of the query. Malicious users sometimes don’t change the
selection clause but add another SQL statement or add specifickeywords to the initial query to check the vulnerability of thesite to SQLIA or to perform inference attack. Such types of attack are detected in the second step of the detection process.By comparing the structure of the query under test with thecorresponding queries in the XML file the previous maliciousactions will be detected.The rest of the paper will be organized as follows: insection II discusses previous work, section III
Figure 2.
 
Scope of NIDS
provides a detailed description about the framework and itscomponents. Anomaly and misuse algorithms and a workingexample will be presented in section IV. Section V concludesthe paper and outlines future work.II.
 
L
ITERATURE
R
EVIEW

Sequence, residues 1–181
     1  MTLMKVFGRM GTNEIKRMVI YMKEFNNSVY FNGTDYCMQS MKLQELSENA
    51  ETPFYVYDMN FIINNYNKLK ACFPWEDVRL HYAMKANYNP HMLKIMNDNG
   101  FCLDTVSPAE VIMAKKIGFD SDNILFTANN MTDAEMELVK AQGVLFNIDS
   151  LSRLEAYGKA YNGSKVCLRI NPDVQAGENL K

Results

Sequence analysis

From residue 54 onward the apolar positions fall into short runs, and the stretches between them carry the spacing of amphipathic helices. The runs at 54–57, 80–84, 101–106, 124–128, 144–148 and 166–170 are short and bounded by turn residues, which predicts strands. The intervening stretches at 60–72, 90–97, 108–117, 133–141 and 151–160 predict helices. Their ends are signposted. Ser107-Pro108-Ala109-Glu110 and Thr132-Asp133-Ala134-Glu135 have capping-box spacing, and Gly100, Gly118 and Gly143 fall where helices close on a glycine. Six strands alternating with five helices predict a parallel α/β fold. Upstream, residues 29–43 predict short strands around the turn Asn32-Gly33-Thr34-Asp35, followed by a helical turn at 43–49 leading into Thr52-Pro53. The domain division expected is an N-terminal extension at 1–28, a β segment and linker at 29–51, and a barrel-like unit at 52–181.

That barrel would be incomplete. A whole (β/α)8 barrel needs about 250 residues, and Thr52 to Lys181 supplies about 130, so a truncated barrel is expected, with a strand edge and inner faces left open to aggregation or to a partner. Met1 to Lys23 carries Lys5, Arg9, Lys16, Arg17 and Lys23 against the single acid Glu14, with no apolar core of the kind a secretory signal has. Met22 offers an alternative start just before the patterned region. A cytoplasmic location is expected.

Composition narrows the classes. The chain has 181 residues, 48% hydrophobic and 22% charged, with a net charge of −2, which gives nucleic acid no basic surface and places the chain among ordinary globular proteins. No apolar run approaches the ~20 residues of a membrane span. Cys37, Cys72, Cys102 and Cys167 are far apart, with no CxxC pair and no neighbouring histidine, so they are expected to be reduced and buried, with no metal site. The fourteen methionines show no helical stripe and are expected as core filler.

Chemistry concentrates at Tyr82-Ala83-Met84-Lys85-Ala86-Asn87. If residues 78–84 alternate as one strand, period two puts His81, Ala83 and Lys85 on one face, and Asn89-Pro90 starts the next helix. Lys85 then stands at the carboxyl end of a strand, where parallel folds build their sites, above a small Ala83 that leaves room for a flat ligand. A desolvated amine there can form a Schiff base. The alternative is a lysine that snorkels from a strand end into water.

Different researches and approaches have been presented toaddress the problem of web attacks against databases.Considering SQLIA as top most dangerous attacks, as stated insection I, there has been intense research in detection andprevention mechanisms against this attack [4, 5, 12]. We canclassify these approaches into two broad categories: a) oneapproach is trying to detect SQLIA through checkinganomalous SQL query structure. b) another approach uses datadependencies among data items which are less likely to changefor identifying malicious database activities. In either of twocategories, different researchers take advantage of the benefitof integrating data mining with database intrusion detection inorder to minimize false positive alerts, minimizing humanintervention and better detect attacks [13]. Moreover, Differentintrusion detection techniques are used either separately ortogether. Different work used misuse technique others usedanomaly or mixes the two techniques.Under the first category and without using data miningtechnique, Lee et al. in [10] and Low et al. in [14] developed aframework based on fingerprinting transactions for detectingmalicious transactions. They explored the various issues thatarise in the collation, representation and summarization of thispotentially huge set of legitimate transaction fingerprints.Another work that applies anomaly detection technique toidentify anomalous database application behavior is presentedby Valeur et al. in [15]. It builds a number of differentstatistical query models using a set of typical applicationqueries, and then intercepts the new queries submitted to thedatabase to check for anomalous behavior.A general framework for detecting malicious databasetransaction patterns using data mining was proposed by Bertinoet al. in [16, 17] to mine database logs to form user profiles thatcan model normal behaviors and identify anomaloustransactions in databases with role based access controlmechanisms. The system is able to identify intruders bydetecting behaviors that differ from the normal behavior of arole in a database. Kamra et al. in [18] illustrated an enhancedmodel that can also identify intruders in databases where thereare no roles associated with each user. It employs clusteringtechniques to form concise profiles representing normal userbehaviors for identifying suspicious database activities.Another approach that checks for the structure of the query todetect malicious database behavior is the work of Bertino et al.in [19]. They proposed a framework based on anomalydetection technique and association rule mining to identify thequery that deviates from normal database application behavior.The problem with this framework is that it produces a lot of rules and represents the queries in very huge matrices whichmay affect tremendously on the performance of rule extraction.Misuse detection technique have been used by Bandhakavi etal. in [20] to detect SQLIA by discovering the intent of a querydynamically and then comparing the structure of the identifiedquery with normal queries based on the user input with thediscovered intent. The problem with this approach is that it hasto access the source code of the application and make somemodifications to the java virtual machine.Halfond et al. in [21] developed a technique that uses amodel-based approach to detect illegal queries before they areexecuted on the database. In its static part, the technique usesprogram analysis to automatically build a model of thelegitimate queries that could be generated by the application. Inits dynamic part, the technique uses runtime monitoring toinspect the dynamically-generated queries and check themagainst the statically-built model. The system WASP proposedby Wiliam et al. in [22] tries to prevent SQL Injection Attacks